6 What is the strangest thing you believed as a child? I genuinely, 100% thought I could float. Not fly. Float. I believed this so much that I still have memories in which my view of myself is about 2 and 1/2 feet off the ground moving my arms as though swimming through water.

7 What is one of your favourite habits you have? My morning routine: coffee and a book and at least half an hour of that quiet space to myself. I get up way earlier than I need to just to fit this in.


8 Do you think people can control their own destiny? I believe we can change our lives by the stories we tell ourselves. I believe everyone should learn to tell more positive stories.

9 What do you think people think of you? I’m afraid of what people think of me, but I’m okay with that fear. And I am certain of the people who love me. And I’m okay with that list too.

10 What is your favourite quote?  I have a lot, but I’ll share a beautiful one from Anne Carson’s Nox:

“I will consign fear and sadness to the sea.”


My Nominees: 

I find these blogs inspiring, enjoyable, fun, or all of the above on a daily basis…


The Ten Questions I’m Asking:

  1. What was your favorite toy as a child?
  2. When you were 10, what did you want to be?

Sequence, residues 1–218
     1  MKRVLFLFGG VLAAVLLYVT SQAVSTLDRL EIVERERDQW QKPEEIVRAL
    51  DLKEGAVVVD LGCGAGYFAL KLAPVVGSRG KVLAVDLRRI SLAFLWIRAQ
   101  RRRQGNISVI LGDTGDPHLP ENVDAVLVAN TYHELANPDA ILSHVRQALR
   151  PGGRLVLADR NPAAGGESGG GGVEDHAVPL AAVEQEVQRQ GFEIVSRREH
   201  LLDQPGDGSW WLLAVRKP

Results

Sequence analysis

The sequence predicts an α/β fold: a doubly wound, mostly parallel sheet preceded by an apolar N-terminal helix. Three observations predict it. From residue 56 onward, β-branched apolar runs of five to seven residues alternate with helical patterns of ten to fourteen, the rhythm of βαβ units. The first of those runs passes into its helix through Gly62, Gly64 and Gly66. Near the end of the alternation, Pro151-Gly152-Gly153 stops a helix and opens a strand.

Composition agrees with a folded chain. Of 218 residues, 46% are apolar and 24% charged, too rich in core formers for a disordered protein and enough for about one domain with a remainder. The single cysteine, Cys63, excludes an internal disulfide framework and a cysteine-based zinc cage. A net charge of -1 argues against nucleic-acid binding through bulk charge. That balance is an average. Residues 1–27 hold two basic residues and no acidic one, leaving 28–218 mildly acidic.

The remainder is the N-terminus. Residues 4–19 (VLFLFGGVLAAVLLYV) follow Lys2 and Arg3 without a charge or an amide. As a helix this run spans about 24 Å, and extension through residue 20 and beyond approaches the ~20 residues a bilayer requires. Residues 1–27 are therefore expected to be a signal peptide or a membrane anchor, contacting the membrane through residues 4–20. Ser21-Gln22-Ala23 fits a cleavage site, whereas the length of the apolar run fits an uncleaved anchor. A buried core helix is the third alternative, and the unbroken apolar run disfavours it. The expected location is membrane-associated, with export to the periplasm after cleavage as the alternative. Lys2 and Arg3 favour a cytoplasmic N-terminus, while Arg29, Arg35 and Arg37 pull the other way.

3. If you were to marry a fictional character, who would it be?
  4. What is your favorite part of your day?
  5. Where are you right now and why are you there?
  6. What is inspiring you today?
  7. What is your favorite tool to use?
  8. If you were to take up a risky hobby, what would it be?
  9. How do you take your coffee? (or tea)?
  10. Morning or night?

Image Credit: Mine, all mine.

Things to Click…


I started following a new Tumblr that showcases screen shots from Wes Anderson films along with their accompanying color palettes. Any fan of the high levels of attention to design that go into Aderson’s films will get a kick out of this site, and it’s a good way to get an instant dose of color inspiration.

It’s been a time honored cliche that creative types tend to be fired by a little bit of madness. Or at least that many famous creative minds (William Faulkner, Sylvia Plath, Emily Dickinson, David Foster Wallace, Mark Twain, Vincent Van Gogh, Jackson Pollock, and so many more) have suffered from depression, melancholy, and other forms of “madness.” This fascinating article from Thought Catalog explores the commonalities between famous writers and the mentally ill, using the Fitzgeralds (Zelda and F. Scott, that is) as an in-road to explaining the neurological designs behind creative brains and why this pairing between madness and creativity occurs so frequently.